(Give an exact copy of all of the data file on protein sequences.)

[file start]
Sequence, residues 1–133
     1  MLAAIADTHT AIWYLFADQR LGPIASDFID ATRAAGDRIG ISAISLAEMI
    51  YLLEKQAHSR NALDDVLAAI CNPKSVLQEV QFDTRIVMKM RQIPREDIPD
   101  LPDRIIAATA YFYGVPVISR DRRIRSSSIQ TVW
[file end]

Sequence, residues 1–133
     1  MLAAIADTHT AIWYLFADQR LGPIASDFID ATRAAGDRIG ISAISLAEMI
    51  YLLEKQAHSR NALDDVLAAI CNPKSVLQEV QFDTRIVMKM RQIPREDIPD
   101  LPDRIIAATA YFYGVPVISR DRRIRSSSIQ TVW